Wheatland Spring, a Loudoun County farm brewery that specializes in German-style craft beers, is opening sections of outdoor seating on its 30 acres of land, including tables in its beer garden and in fields of barley. (Photo by Fritz Hahn/The Washington Post)
Wheatland Spring, a Loudoun County farm brewery that specializes in German-style craft beers, is opening sections of outdoor seating on its 30 acres of land, including tables in its beer garden and in fields of barley. (Fritz Hahn/The Washington Post)

Bars are getting creative with seating.

Recognizing that the number of socially distanced seats on most patios is a fraction of most restaurants’ overall capacity, local governments are allowing outdoor areas to expand outside their usual footprints. Arlington County passed a measure allowing establishments to apply for “Temporary Outdoor Seating Areas,” which can be up to 50 percent of the restaurant’s indoor seats. Ireland’s Four Courts regularly turns the parking lot behind the Court House pub into an overflow party area on St. Patrick’s Day, and they’re planning to do that on a regular basis to supplement the handful of seats on their Wilson Boulevard patio. General Manager Dave Cahill expects to have 75 seats, with some umbrellas and covering for rain protection.

Perhaps the most scenic table at any local brewery is at Wheatland Spring, in Waterford, Va.: Owner Bonnie Branding says that there are a dozen different tables at the farm brewery that can be reserved Friday through Sunday, including three in the grain field. “You follow a path into the barley,” she explains, where you can have views of the crops and the brewery while sipping some of the best German-style beers in the region.

On Capitol Hill, neighborhood jazz pub Mr. Henry’s is looking beyond its sidewalk patio and plans to add picnic tables and lights to “a glorified section of the parking lot” behind the building, owner Mary Quillian Helms said. She estimated the expansion includes 30 to 40 seats, “about double what we can do” once tables on their existing outdoor area are spaced six feet apart.

Meanwhile, the Mayor’s Special Events Task Group and the Department of Transportation are looking into closing streets and alleys and expanding sidewalk space to allow expansion of both restaurant seating and pedestrian access. One of those areas, though details haven’t been finalized, is Seventh Street SE across from Eastern Market, which is already closed on weekends. The Eastern, on Seventh just north of Pennsylvania Avenue, is looking forward to it: Right now, the 10-month-old wine bar can fit only three tables on its patio.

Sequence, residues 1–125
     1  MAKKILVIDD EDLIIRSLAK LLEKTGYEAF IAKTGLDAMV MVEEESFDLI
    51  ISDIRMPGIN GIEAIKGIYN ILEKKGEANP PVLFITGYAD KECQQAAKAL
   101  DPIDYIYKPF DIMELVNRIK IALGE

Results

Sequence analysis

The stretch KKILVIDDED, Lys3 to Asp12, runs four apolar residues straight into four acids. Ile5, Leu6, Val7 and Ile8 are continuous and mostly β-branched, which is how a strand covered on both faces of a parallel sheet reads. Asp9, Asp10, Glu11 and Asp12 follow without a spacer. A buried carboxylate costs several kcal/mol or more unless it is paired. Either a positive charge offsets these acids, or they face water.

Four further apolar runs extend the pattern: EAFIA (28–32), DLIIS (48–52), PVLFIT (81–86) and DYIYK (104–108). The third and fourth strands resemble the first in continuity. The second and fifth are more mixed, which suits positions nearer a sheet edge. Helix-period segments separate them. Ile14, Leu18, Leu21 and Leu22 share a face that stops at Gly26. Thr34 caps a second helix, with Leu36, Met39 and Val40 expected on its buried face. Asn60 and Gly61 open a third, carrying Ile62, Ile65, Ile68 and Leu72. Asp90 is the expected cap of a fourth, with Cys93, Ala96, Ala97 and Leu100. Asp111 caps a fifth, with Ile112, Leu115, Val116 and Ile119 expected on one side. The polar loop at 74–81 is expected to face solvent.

Don’t expect all your favorite places to be open yet.

You might expect restaurants to be champing at the bit to reopen ASAP, but that’s not the case. “We’re going to sit this one out, I think,” restaurateur Ian Hilton said, “and watch how things play out this weekend.” Hilton, who runs the BrixtonMarvinEl Rey and other hot spots with his brother Eric, doesn’t expect to open most of their businesses during the District’s Phase 1. “I don’t like the idea of people coming inside [a building] to go outside” to a patio or rooftop, he said. “And I don’t think it’s unreasonable to think we’re going to have a lot of rain issues. I don’t want to have to kick everyone out if it rains” instead of allowing them to come inside. Besides, he adds, “I don’t want to be the guy getting blasted on the Internet when people aren’t social distancing” in line or on the street outside. (The one exception right now is Georgetown’s Chez Billy Sud, which will open June 4 with covered, shaded patio dining; the Brighton could be next to open, as plans at the Wharf include dining on piers over the Washington Channel.)

Hilton’s reticence isn’t uncommon. Jackie Greenbaum, who runs El ChuchoBar Charley and Little Coco’s, is keeping her restaurants carryout only for now and planning to open once they’ve figure out the best operating procedures. “It is quite a conversation,” she said. “Our places are all very tiny, and we have to evaluate each one.”

Moreland’s TavernRoom 11 and Lyman’s Tavern in the District and Arlington’s Galaxy Hut are also in wait-and-see mode.

The Midlands Beer Garden in Park View is delaying reopening until “we have our staff trained, can provide safety materials on-site and our space is set up to honor social distancing.” The Garden in Del Ray announced on Facebook it would delay its open, too: “With the severity of the covid-19 pandemic still very relevant, we have decided to hold off the opening of the Garden until further notice. While the Governor has deemed NOVA ready for ‘phase 1’ we do not feel we have seen enough evidence to support this. … We will continue to monitor the situation and make a best judgment call for opening when we feel the time is right.”

By Fritz Hahn May 29, 2020 at 11:00 a.m. EDT